On 01.03.2017 13:52, Stefan Fuhrmann wrote:
> On 01.03.2017 05:17, Greg Stein wrote:
>> I really like this idea.
>> And we could take a copy of APR's sha1 code, and rejigger it to
>> perform *both* hashes during the same scan of the raw bytes. I would
>> expect the time taken to extend by (say) 1.1X rather than a full 2X.
>> The inner loop might cost a bit more, but we'd only scan the bytes
>> once. Very handy, when you're talking about megabytes in a stream-y
>> (and medium-term, push this dual-sha1 computation back into APR)
>> On Sun, Feb 26, 2017 at 10:08 AM, Garance A Drosehn <drosih_at_rpi.edu
>> <mailto:drosih_at_rpi.edu>> wrote:
>> On 24 Feb 2017, at 15:46, Stefan Sperling wrote:
>> > I believe we should prepare a new working format for 1.10.0
>> > which addresses this problem. I don't see a good way of fixing
>> > it without a format bump. The bright side of this is that it
>> > gives us a good reason to get 1.10.0 ready ASAP.
>> > We can switch to a better hash algorithm with a WC format
>> > bump.
>> One of the previous messages mentioned that better hash
>> algorithms are more expensive. So let me mention a tactic
>> that I used many years ago, when MD5 was the best digest
>> algorithm that I knew of, and I didn't trust it for the
>> larger files I was working with at the time:
>> Instead of going with a completely different hash algorithm,
>> just double-down on the one you're using. What I did was to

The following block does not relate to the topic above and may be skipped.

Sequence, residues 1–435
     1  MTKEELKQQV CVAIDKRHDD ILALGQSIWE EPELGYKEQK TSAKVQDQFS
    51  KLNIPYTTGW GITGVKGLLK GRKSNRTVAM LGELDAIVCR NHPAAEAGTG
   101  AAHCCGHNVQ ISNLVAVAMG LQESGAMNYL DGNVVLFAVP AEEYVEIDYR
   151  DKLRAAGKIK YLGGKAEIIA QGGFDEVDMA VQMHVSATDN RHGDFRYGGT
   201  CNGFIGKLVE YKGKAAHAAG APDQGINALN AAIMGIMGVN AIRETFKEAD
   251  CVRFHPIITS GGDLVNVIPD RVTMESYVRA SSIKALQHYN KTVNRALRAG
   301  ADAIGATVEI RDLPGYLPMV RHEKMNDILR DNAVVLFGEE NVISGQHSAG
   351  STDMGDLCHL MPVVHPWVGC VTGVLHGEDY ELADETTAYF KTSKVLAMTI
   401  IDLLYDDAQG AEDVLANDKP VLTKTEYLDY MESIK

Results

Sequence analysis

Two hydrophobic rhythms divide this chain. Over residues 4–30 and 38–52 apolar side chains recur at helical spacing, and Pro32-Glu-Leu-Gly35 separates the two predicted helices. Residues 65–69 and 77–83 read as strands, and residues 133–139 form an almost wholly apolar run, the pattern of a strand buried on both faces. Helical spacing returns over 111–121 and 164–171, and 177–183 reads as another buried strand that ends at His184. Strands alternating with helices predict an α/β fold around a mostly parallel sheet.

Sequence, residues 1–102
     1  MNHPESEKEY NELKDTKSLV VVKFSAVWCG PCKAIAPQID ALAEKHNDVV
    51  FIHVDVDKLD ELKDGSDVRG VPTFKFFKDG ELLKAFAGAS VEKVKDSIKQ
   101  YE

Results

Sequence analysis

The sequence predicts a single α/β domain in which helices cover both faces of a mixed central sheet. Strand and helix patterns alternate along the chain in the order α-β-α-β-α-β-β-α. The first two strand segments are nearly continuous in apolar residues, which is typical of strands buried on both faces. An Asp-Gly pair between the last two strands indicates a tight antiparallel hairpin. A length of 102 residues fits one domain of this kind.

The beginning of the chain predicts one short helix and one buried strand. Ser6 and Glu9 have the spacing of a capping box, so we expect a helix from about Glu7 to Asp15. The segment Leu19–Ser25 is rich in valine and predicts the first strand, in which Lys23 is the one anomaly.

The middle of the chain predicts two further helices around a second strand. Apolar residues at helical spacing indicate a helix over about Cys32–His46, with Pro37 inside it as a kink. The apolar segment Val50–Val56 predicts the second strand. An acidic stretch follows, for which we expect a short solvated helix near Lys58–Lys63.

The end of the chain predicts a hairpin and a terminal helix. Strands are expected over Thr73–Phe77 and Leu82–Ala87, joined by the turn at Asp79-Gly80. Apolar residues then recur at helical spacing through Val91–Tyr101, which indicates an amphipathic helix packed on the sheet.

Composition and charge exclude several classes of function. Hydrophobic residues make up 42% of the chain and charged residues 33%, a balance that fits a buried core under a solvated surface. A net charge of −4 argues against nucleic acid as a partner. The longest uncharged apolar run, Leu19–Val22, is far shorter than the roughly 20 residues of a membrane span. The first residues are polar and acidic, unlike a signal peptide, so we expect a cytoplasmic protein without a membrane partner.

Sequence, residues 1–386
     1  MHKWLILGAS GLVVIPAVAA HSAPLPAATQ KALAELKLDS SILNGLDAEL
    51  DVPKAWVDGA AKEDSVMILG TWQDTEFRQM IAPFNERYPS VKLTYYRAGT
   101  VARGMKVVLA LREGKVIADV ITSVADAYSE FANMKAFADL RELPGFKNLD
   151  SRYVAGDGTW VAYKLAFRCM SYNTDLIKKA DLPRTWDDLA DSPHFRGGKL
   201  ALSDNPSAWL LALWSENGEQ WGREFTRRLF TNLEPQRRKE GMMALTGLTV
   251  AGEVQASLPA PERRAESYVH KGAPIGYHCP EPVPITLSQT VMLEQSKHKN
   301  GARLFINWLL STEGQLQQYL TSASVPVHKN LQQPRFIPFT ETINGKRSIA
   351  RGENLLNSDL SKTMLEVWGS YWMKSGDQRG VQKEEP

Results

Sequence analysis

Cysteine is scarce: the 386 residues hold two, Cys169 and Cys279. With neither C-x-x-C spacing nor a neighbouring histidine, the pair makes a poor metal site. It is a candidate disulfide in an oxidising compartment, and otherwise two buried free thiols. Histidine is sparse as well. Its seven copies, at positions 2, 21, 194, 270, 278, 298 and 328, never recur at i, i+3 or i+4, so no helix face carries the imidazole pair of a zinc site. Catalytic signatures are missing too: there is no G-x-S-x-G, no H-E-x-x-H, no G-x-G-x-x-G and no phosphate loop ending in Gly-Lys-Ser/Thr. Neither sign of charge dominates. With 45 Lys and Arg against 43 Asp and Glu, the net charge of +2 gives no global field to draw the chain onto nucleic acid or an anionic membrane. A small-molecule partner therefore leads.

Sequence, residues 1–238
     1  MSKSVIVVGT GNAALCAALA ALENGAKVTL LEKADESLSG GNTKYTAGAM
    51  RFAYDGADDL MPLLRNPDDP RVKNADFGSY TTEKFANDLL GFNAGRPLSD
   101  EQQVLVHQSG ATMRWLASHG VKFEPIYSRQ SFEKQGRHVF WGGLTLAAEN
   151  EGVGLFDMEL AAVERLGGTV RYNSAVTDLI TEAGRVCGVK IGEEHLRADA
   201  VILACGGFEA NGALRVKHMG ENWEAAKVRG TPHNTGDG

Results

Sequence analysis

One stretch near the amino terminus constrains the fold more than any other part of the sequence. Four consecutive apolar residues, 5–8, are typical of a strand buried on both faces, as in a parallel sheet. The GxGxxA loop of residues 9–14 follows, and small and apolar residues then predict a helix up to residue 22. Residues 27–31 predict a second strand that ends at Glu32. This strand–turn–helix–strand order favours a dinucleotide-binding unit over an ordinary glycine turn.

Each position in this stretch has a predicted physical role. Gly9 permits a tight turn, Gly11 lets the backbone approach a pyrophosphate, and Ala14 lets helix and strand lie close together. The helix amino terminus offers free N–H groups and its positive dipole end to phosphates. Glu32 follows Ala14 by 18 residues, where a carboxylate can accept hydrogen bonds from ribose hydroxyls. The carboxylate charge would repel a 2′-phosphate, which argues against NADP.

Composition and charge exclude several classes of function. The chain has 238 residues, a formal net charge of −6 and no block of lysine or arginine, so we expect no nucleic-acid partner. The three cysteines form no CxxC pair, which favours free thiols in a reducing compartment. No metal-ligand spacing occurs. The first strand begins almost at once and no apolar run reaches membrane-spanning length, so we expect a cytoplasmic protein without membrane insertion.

>> calculate one digest the standard way, and then a second one
>> which summed up every-other-byte (or every 3rd byte, or ...).
>> So to get a collision, not only do two files have to get the
>> same digest-result for all their data, but they have to also
>> get the same digest-result when exactly half the data is
>> skipped over.
>> (I did this a long time ago, and forget the details. What
>> I may have done for performance reasons was every-other-word,
>> not every-other-byte)
>> My thinking was that *any* single algorithm which processes
>> all the data is going to get collisions, eventually. But it
>> will be much harder for someone to generate a duplicate file
>> where there will also be a collision when summing up only
>> half of the data.
>> I'm not claiming this is great cure-all solution, but just
>> that it's an alternate tactic which might be interesting.
>> People could create repositories with just the one digest,
>> or upgrade it to use multiple digests if they have the need.
>> I found a few benchmarks which suggest that sha-256 is maybe
>> twice as expensive as sha-1, so calculating two sha-1 digests
>> might be a reasonable alternative.
> That is also known as bit-slicing. The neat thing is that
> you create N (e.g. 4) interleaved sub-streams who's
> checksum can be calculated *concurrently*, e.g using
> SIMD instructions. so, you end up being ~3 times *faster*
> than calculating the normal checksum.
> Because the interleaved streams may look quite similar
> (think bitmaps), you probably want to "salt" them. A simple
> rotate or XOR might do - but I'm not an expert on this.
> the goal is to end up with 4 reasonably independent
> streams, hence sub-hashes.
> So, the full sequence would look something like this:
> * Split text T into interleaved sub-streams T1,..,T4
> * Salt them S1 = salt(T1, 1), ..., S4 = salt(T4, 4)
> * Calculate sub-stream hashes using bit-sliced code
> D1, ..., D4 = sha1_4x(S1, ..., S4) = sha1(S1), ..., sha1(S4)
> * Calculate the final checksum D = sha2(D1|...|D4)
> Not only would that solve the current sha1 issue but
> neatly address the fact that nowadays we can read
> data faster from disk that we could checksum it.
For some definition of "solve" — i.e., until a more generic attack
method is invented. :)
Received on 2017-03-01 14:15:15 CET